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In 2008–2009, the Canadian Institute for Health Information reported over 30,000 cases of sepsis hospitalizations in Canada, an increase of almost 4,000 from 2005. Mortality rates from severe sepsis and septic shock continue to remain greater than 30% in Canada and are significantly higher than other critical conditions treated in the emergency department (ED). Our group formed a multidisciplinary sepsis committee, conducted an ED process of care analysis, and developed a quality improvement protocol. The objective of this study was to evaluate the effects of this sepsis management bundle on patient mortality.
This before and after study was conducted in two large Canadian tertiary care EDs and included adult patients with suspected severe infection that met at least two systemic inflammatory response syndrome (SIRS) criteria. We studied the implementation of a sepsis bundle including triage flagging, RN medical directive, education campaign, and a modified sepsis protocol. The primary outcomes were 30-day all-cause mortality and sepsis protocol use.
We included a total of 167 and 185 patients in the pre- and post-intervention analysis, respectively. Compared to the pre-intervention group, mortality was significantly lower in the post-intervention group (30.7% versus 17.3%; absolute difference, 13.4%; 95% CI 9.8–17.0; p=0.006). There was also a higher rate of sepsis protocol use in the post-intervention group (20.3% versus 80.5%, absolute difference 60.2%; 95% CI 55.1–65.3; p<0.001). Additionally, we found shorter time-intervals from triage to MD assessment, fluid resuscitation, and antibiotic administration as well as lower rates of vasopressor requirements and ICU admission.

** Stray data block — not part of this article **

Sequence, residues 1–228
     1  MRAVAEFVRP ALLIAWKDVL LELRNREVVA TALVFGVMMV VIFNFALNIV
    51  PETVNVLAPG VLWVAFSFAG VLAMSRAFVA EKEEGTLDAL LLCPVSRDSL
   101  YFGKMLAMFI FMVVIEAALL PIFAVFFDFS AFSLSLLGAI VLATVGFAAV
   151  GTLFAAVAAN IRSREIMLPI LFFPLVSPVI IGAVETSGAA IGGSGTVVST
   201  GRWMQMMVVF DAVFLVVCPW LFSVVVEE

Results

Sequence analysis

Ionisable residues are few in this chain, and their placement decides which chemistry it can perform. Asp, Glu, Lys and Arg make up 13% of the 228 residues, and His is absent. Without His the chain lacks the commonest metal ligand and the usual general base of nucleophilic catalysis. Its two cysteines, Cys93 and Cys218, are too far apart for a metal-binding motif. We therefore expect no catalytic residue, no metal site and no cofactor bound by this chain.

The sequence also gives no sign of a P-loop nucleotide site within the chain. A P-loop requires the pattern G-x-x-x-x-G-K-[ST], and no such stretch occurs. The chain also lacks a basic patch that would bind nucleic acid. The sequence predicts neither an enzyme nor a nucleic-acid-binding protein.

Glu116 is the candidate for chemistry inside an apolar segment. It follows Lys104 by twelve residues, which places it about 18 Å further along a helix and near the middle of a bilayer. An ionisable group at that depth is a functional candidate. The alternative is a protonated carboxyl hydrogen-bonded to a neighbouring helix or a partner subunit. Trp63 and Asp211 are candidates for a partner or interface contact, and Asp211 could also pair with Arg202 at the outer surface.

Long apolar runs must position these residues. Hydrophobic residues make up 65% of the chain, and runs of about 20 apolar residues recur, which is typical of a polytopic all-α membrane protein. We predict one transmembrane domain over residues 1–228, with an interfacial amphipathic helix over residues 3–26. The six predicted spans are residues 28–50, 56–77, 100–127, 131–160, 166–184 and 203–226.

The implementation of our multidisciplinary ED sepsis bundle, including improved early identification and protocolized medical care, was associated with improved time to achieve key therapeutic interventions and a reduction in 30-day mortality. Similar low-cost initiatives could be implemented in other EDs to potentially improve outcomes for this high-risk group of patients.
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